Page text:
T1D & Gastritis
Editor’s Note: This content has been verified by Marina Basina, MD, a clinical associate professor at Stanford University. She’s a clinical endocrinologist and researcher with a focus on diabetes management and diabetes technology. Dr. Basina is an active member of multiple medical advisory boards and community diabetes organizations, and she is on the Beyond Type 1 Science Advisory Council.
What is Autoimmune Gastritis?
Autoimmune gastritis, which can also be called autoimmune metaplastic atrophic gastritis or type A gastritis, is a chronic inflammatory disease. Having type 1 diabetes increases the probability of being diagnosed with autoimmune gastritis three to five times more than the average person; an estimated 6 percent-10 percent of the type 1 diabetes population also has autoimmune gastritis. It is more common in older adults and is more common in women than men.
Autoimmune gastritis is an autoimmune disease in which the stomach deteriorates because the immune system attacks the healthy cells of the stomach lining. It affects the upper two-thirds of the stomach because the antibody that the body is mistakenly producing binds to a specific cell in that area of the stomach’s inner lining. These cells, the parietal cells, loose their ability to effectively produce the hydrochloric acid that they are supposed to. This means that people with gastritis are unable to efficiently absorb the vitamin B12 and iron, which results in iron-deficiency anemia and vitamin B12 deficiency and can ultimately lead to pernicious anemia.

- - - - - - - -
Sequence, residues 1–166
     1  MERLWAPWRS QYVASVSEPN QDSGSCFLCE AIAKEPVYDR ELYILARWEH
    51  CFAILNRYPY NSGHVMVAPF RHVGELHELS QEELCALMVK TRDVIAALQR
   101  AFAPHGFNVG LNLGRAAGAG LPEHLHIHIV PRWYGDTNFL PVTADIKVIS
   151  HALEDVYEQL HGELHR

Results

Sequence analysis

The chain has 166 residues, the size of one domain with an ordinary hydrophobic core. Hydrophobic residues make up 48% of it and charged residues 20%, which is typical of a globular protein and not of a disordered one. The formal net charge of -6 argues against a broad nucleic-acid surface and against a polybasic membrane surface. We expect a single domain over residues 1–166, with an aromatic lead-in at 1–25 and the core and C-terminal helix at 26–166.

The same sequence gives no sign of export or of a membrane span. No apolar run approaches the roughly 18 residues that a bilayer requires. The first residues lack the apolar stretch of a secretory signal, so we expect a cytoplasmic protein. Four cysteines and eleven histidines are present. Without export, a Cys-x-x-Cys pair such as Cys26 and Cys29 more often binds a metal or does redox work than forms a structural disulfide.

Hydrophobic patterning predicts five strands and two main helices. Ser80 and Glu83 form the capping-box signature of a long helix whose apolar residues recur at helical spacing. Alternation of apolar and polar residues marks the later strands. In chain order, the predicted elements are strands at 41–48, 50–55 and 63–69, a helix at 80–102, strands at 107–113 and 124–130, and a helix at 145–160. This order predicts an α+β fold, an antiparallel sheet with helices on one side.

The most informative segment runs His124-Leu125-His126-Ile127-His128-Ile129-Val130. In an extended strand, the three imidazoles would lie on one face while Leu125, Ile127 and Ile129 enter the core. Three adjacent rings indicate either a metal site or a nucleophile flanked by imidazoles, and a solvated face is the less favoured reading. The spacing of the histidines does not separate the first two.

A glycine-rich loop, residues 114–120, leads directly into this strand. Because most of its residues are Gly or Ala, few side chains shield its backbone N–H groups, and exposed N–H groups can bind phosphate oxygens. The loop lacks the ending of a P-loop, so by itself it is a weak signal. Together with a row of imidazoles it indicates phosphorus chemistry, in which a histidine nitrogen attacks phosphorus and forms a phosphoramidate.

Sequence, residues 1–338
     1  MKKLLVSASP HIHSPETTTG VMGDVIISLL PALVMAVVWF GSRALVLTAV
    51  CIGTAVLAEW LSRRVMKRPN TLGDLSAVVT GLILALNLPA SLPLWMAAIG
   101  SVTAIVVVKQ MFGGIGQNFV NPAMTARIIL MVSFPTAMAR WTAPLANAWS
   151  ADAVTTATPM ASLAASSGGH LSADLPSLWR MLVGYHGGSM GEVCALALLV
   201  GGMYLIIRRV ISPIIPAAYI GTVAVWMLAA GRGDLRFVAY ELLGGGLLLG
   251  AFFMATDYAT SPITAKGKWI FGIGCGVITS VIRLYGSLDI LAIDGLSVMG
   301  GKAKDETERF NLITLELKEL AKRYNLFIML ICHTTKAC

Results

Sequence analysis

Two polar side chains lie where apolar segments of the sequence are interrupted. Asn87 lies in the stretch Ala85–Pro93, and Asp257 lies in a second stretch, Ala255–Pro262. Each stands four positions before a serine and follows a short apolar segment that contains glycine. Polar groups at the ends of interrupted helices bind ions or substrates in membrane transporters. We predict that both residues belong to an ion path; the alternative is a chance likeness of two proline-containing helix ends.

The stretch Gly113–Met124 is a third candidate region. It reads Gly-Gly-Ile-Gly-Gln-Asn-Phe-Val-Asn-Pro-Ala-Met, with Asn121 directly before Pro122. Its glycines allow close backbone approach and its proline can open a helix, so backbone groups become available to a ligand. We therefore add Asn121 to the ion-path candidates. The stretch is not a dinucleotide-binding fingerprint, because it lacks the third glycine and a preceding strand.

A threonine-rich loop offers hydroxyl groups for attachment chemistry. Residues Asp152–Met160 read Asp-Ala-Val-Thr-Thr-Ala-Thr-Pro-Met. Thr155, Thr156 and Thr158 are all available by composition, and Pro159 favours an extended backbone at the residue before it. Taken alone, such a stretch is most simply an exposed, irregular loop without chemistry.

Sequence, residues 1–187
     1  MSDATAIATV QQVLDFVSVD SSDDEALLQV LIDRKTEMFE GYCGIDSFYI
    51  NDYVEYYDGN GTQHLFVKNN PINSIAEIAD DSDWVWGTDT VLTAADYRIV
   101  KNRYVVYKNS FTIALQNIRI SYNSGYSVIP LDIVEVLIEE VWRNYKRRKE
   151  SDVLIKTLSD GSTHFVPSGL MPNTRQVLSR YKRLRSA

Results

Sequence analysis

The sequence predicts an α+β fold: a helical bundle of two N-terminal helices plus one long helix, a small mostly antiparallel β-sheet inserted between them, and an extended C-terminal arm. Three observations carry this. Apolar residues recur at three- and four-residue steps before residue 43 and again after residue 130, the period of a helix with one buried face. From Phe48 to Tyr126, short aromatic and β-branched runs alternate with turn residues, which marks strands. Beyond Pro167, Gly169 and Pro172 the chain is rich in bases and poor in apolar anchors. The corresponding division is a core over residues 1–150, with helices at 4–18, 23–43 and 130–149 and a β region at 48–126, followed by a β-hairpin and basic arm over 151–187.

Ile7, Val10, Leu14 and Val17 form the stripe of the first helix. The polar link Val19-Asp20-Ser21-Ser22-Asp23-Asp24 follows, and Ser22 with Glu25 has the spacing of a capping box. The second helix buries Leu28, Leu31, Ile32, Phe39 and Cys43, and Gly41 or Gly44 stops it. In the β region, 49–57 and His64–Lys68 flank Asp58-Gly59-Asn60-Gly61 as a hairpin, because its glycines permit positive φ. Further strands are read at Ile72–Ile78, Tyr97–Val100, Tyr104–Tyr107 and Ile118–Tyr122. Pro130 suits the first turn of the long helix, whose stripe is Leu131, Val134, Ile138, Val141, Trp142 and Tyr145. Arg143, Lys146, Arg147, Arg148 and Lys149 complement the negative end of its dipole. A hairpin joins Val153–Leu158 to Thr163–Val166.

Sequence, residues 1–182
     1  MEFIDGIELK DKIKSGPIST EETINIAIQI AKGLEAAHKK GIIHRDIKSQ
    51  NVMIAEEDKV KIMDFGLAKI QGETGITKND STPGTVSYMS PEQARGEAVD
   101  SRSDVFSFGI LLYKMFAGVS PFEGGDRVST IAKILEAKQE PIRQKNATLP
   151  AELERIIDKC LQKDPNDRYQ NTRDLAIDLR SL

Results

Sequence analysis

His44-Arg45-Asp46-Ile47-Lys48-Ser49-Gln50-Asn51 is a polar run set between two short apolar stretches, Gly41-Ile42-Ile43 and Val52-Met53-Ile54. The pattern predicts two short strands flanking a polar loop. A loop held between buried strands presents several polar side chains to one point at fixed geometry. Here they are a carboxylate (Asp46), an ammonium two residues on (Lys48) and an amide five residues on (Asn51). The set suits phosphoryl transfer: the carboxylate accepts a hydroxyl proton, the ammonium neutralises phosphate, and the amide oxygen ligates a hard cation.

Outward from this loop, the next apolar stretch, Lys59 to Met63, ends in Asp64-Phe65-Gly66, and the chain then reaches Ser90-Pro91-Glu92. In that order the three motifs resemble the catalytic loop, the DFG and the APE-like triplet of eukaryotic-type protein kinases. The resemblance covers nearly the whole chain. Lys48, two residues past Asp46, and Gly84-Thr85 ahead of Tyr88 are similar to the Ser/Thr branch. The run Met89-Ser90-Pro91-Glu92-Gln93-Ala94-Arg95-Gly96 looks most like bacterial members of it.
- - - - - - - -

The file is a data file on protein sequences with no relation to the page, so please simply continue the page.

Signs and Symptoms of Autoimmune Gastritis:
- Abdominal pain
- Anemia, which is characterized by the following symptoms:
- Trouble concentrating
- Shortness of breath
- Leg cramps
- Heart palpitations
- In severe cases, severe B12 deficiency, which is characterized by the following symptoms:
- Stiff muscles
- Peripheral neuropathy
Getting a Diagnosis
Many different factors can contribute to a doctor’s diagnosis of autoimmune gastritis. Your doctor will want to order blood tests in order to determine if you are anemic by checking iron and vitamin B12 levels. They may also want to perform an endoscopy or a gastric biopsy to determine if the stomach looks damaged due to an autoimmune attack.
Unfortunately, there is no treatment of autoimmune gastritis that directly targets the autoimmune attack. However, anemia, which is a byproduct of gastritis, can be treated by taking an iron and/or vitamin B12 supplementation. If carcinoid nodules have developed, your doctor may want to monitor this and potentially remove the nodules. Carcinoid nodules develop when the loss of hydrochloric producing parietal cells leads to a lack of acid in the stomach. This stimulates the growth of the G-cells producing the hormone gastrin. Gastrin promotes the growth of certain cells in the stomach’s lining. Small tumors form, called carcinoids.